before in a fall from a scaffold. He
was fifty-two years of age, and is
survived by a wife and several
The accident which resulted in
Cabral's death occured on October
23rd, while he was working on a
house being built for Antone de Rego,
on Main street. The f fl was for a
distance of about seven, 'feet, and the
unfortunate man had bis back badly
injured, besides various other hurts!
Be Here Next Week
Famous Ingersoll Company Booked
For Two Performances At Weller
And Vasconcellos Houses
The Ingersoll Comedy Company,
which has been delighting Honolulu
theater goers for some weeks, will be
on Maui next week, according to in
formation received this morning by
Manager Pharos. Two performances
are scheduled. "So Long Letty," will
be given at the Wailuku Orpheum on
Thursday evening, January 4th, and
annthpr T 1 1 1 1 will lio crlvon nn Vrrnv
night at the Kahuiui Lyceum. TheFift icth An liversary Of Church Build-
louowmg is wnai ine Aavertiser nas
to say about a recent performance of
"So Long, Letty," the performance
of which was staged last night at the
Dijou, is putting an unusual ending to
the season of the Ingersoll Comedy
Company at the playhouse. It has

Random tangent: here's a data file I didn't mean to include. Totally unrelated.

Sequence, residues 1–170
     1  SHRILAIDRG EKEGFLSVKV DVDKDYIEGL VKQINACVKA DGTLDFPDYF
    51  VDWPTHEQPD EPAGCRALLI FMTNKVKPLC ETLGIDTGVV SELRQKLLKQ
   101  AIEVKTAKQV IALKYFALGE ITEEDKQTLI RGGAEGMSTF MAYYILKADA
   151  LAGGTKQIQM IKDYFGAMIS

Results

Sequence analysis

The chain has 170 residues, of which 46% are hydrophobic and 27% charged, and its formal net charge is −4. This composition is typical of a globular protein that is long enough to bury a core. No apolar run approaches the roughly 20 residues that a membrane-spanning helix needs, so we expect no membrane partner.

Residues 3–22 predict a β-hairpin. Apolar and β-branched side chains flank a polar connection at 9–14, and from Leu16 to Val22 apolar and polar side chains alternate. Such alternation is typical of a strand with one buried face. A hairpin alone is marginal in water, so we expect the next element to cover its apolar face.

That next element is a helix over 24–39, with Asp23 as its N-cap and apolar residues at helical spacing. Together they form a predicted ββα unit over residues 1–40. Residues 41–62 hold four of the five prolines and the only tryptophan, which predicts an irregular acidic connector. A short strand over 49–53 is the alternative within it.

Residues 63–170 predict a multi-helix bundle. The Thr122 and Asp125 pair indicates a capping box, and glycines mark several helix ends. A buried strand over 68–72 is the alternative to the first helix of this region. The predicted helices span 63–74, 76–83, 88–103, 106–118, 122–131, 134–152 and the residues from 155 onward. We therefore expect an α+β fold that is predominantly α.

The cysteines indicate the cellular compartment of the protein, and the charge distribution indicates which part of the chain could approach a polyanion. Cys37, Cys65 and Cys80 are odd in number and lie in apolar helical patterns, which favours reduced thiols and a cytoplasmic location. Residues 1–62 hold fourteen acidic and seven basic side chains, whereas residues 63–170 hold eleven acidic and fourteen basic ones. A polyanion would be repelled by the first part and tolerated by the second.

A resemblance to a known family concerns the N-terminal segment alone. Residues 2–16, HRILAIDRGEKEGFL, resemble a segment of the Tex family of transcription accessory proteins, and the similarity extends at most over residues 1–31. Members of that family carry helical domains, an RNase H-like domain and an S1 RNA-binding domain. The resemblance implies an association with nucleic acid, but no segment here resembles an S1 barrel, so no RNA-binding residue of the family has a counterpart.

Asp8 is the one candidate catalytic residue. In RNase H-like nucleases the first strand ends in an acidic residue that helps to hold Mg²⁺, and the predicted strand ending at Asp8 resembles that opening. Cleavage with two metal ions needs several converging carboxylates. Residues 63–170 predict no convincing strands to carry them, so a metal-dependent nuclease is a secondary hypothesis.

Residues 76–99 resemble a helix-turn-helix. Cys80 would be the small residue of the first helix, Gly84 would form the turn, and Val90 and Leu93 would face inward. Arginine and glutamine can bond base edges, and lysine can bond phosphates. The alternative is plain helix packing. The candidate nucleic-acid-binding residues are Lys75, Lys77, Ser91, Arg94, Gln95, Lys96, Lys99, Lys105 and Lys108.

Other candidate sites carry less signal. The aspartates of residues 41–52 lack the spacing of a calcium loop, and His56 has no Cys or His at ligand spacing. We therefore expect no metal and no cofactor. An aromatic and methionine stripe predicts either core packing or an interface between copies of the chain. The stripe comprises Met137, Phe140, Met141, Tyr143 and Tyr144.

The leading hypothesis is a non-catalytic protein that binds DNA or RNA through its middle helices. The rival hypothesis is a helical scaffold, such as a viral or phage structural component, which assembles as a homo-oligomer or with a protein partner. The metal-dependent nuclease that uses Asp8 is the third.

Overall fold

already sold out four houses, and bids
fair to do so again tonight, with the
possibility that, if It does, it will be
continued for a week. "So Long,
Letty," is far ahead of everything else
the Ingersoll people attempted during
their engagement here.
Constant applause interrupted the
performance last night, and the four
principals deserved all they got.
Frank Vack never did anything better,
nor did Pearl Jardiniere, who at last
has a real part and Is showing that
she is a good deal more than a funny
interpolation, and does the best work
of the season here. Jeanne Mai and
Kek Schilling are the other members
of the quartet whose romance has
been so comically displayed, and they
are just as good. The music Is tune
ful, catchy and well sung.
These four arc practically all of
"So Long, Letty," and no more are
needed. In spite of the fact this show
runs forty-five minutes longer than
the company's productions in the
past, there isn't a slow minute In it,
nor is there a minute when the situa
tion is not becoming funnier than it
was the minute previous. As a clever
comedy with few plays produced in
the past few seasons to equal it, and
Ingersoll players are doing it full
Former Maui Resident
Dies On California Ranch
Henry Nahaolelua, a rmtive Laha
ina. died at his home in Santa Cruz,
California, on December 12, according
to information received last ween,
He was a brother of Albert Kia Na-
haolelua, pressman of the Maui
Publishing Company, and of Mrs. John
C. Lane, wife of Mayor Lane, of Ho
The deceased was about forty-four
years of age and had lived In Call
fornia for some twenty years. He
was a prosperous rancher at Santa
Cruz at the time of his death. A
wife and four daughters survive him.
Bullet Through Wall
Kills Sleeping Baby
Peculiar Tragedy During Christmas
Celebration At Hamakuapoko Camp
Man Held On Suspicions
Struck by a bullet fired by an un
known band, Flora, the little three
ami n half year old daughter of Mr.